Designer, Movies

Movie Moments: The Designer Connection Part III

Funny Face (1957), Director Stanley Donen, Designer Hubert de Givenchy.


Before there was ‘The Devil Wears Prada’, there was ‘Funny Face’. Yes, yes, yet another Audrey Hepburn film… However, this movie makes this list not so much for Audrey as for fashion designer Hubert de Givenchy. As film lore tells it, Givenchy first met Hepburn for her movie ‘Sabrina’. The film producers had asked Balenciaga for costumes, but being busy with a new collection, he sent them to see his young friend Givenchy. On hearing the name Hepburn, the designer expected to see a certain Katherine who was very famous at the time. Instead, in comes a young Audrey, dressed in ‘small pants and ballet flats’. His gowns fit like a dream, they clicked and became life long friends. He dressed her in life and for every film since, including in this fashion bonanza known as ‘Funny Face’.

In a nutshell, this is a light musical in which a dowdy intellectual is turned into a graceful cover girl by a fashion magazine editor looking for something different. This means several things: there is singing, there is dancing (look out for the utterly awesome ‘Think Pink’ number). There is humour. There is a makeover- there is FASHION. Serious fashion. There is a sequence with an actual high fashion shoot in Paris. Really. And not just any fashion shoot, but one dreamt up by the film’s visual consultant Richard Avedon, and starring Hepburn in a myriad Givenchy gowns. Triple whammy! This fashion shoot spawned some of the most often copied images, even today (woman in a ladylike dress with colourful balloons, anyone?).





In amongst the glamour, Hepburn has time for a dance at a beatnik club dressed in the slim black silhouette (with dreamy loafers!) she made into a worldwide trend. While this look is iconic, it is the Givenchy gowns which shine in this film. There are some real heart wrenchingly stylish moments, culminating in a wonderfully fresh wedding gown (come to think of it, hopeful brides should bookmark this whole film). Watch this film for some mammoth fashion inspo, but be warned- you may be moved to set up an impromptu fashion shoot/show with lengths of fabric and bits from your wardrobe during viewing. Heck, even the couch throw might do.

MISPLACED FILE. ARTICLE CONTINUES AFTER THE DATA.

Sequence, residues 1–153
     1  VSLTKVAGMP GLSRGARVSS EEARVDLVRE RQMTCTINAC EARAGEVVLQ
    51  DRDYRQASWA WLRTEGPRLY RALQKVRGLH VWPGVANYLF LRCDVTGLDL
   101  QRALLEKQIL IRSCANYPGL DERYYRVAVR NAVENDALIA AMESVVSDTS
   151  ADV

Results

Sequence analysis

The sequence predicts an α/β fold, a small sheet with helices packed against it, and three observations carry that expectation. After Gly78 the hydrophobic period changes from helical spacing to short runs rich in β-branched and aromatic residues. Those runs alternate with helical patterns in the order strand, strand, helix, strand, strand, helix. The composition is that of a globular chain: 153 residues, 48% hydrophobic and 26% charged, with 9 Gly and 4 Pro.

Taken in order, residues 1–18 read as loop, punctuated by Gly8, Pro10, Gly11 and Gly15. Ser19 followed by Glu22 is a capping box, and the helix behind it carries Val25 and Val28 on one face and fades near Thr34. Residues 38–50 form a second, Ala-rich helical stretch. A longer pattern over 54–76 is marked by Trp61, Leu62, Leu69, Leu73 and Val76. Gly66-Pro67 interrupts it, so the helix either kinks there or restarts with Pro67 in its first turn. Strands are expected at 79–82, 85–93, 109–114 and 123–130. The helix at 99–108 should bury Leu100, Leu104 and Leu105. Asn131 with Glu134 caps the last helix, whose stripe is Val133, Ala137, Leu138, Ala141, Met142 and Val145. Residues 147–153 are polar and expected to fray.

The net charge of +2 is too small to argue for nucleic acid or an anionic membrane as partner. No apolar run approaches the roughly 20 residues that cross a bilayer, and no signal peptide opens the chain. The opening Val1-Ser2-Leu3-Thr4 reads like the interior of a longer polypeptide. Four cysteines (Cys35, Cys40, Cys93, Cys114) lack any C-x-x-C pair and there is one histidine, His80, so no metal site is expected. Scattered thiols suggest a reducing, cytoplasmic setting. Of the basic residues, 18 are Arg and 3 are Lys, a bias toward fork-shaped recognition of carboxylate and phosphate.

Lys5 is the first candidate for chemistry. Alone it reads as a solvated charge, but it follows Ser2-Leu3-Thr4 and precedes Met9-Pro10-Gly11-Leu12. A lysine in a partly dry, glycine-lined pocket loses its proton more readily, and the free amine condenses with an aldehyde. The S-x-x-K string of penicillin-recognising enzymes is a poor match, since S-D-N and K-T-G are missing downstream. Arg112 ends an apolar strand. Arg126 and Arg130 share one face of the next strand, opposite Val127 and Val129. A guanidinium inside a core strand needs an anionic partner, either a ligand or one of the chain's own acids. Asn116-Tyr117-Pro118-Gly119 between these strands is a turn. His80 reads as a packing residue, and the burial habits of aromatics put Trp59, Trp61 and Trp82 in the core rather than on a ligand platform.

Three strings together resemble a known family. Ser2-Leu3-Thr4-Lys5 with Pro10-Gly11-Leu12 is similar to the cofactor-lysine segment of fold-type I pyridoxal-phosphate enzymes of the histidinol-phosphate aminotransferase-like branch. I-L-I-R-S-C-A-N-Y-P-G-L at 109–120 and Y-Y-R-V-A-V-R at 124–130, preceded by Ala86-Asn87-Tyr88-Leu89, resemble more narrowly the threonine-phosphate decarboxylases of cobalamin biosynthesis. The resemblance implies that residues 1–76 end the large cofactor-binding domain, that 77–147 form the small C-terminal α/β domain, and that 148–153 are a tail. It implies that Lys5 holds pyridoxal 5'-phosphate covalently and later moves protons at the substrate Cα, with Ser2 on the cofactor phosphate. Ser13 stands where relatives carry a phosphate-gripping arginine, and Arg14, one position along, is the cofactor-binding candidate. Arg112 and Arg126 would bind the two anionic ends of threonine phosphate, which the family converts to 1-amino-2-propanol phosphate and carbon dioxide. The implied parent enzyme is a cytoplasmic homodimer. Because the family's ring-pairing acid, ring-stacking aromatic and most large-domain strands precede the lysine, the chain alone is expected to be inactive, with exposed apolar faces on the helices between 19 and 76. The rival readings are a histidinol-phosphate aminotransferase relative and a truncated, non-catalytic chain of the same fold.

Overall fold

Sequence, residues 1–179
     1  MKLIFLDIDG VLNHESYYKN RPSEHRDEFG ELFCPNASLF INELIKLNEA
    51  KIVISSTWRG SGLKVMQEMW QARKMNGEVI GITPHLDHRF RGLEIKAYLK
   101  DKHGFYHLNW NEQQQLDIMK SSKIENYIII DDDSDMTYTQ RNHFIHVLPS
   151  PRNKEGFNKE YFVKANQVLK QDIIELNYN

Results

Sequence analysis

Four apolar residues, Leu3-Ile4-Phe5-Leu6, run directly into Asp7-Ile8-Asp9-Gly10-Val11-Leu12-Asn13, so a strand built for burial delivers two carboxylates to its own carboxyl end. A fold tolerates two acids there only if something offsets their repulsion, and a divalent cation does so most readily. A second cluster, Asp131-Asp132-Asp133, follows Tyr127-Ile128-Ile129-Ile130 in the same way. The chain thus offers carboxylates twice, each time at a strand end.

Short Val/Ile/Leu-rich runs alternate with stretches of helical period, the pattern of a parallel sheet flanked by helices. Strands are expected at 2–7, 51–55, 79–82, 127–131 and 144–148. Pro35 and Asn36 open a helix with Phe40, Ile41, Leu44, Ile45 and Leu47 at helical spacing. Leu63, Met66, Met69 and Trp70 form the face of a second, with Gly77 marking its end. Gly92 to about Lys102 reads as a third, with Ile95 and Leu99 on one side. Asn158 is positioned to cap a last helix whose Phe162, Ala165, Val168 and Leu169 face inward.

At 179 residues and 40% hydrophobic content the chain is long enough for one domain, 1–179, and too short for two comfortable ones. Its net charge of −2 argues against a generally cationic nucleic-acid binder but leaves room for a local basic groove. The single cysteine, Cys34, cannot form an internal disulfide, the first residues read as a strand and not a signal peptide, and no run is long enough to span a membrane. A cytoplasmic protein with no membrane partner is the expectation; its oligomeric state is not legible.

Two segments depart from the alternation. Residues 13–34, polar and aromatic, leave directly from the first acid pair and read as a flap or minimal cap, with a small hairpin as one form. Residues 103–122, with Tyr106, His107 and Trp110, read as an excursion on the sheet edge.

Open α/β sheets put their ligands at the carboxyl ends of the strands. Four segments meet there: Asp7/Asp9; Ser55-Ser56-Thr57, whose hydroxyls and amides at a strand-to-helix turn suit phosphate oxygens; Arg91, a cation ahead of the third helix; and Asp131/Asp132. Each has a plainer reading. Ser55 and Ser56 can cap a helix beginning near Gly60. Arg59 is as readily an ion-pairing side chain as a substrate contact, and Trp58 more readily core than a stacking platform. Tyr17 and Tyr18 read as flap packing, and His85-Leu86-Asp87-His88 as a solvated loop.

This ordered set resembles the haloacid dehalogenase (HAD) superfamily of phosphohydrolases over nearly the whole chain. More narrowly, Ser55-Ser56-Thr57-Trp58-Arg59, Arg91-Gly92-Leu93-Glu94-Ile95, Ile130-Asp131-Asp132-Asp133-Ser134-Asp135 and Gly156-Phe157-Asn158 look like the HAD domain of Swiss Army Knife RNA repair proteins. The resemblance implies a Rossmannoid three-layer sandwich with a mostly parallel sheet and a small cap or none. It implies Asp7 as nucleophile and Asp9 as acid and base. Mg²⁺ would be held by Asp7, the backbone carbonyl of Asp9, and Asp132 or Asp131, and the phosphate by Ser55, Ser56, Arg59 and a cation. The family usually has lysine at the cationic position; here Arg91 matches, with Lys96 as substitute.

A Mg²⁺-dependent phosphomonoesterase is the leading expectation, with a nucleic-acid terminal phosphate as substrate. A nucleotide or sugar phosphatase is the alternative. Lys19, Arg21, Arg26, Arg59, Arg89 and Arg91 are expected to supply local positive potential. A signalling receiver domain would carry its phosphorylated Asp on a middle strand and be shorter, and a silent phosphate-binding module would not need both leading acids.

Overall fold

Movie Moments: The Makeover Part II


Last week we¬†were reminded¬†of the pure¬†excellence that is ‘Dirty Rotten Scoundrels’ in the makeover movie moments¬†, I must admit it’s now on my re-watch list, again!¬†Now its time for some serious style icon action. Enjoy. X Catalina

Roman Holiday (1953), Dir. William Wyler.

We all know Audrey Hepburn will appear on any movie list regarding style…it’s really just a question of which of her films it is! She has had her fair share of movie makeovers – Funny Face, My Fair Lady, Sabrina… Any of these could appear on this list, but my favourite on screen Audrey transformation is in Roman Holiday.

For starters, she’s a princess! Duh! A very young princess running from her royal duties for a very short while before they swallow her for ever (not an unfamiliar concept even today). Running away and (accidentally) straight¬†into the arms of journalist, Gregory Peck. Now, Peck wears the crap out of any suit you throw at him- tall, dark, handsome and debonair. He looks so¬†good. His photographer friend, not-as-handsome but charming Eddie Albert, takes it into more casual artsy territory with Breton stripes and soft suede. He looks good too. But Audrey shines. And whilst she looks amazing in her princess gowns (so amazing in fact that the whole wardrobe was gifted to her after filming wrapped) she¬†even rocks Peck’s dressing gown with grace. However, it is her appropriation of a plain white shirt and a circle skirt that lets her character develop. Of course she could never really melt into a crowd, but this smart and simple outfit allows her to take in the sights (oh Roma, so beautiful!), drop her guard, grow into a woman, and fall in love. That’s the power of the right outfit! And let’s not forget it gives her the strength to liberate herself from her girly locks, and chop them into what’s possibly the cutest pixie cut in movie history. Cue hordes of women urging their hairdressers’ scissors higher and higher. Because what girl wouldn’t want to be a masquerading princess?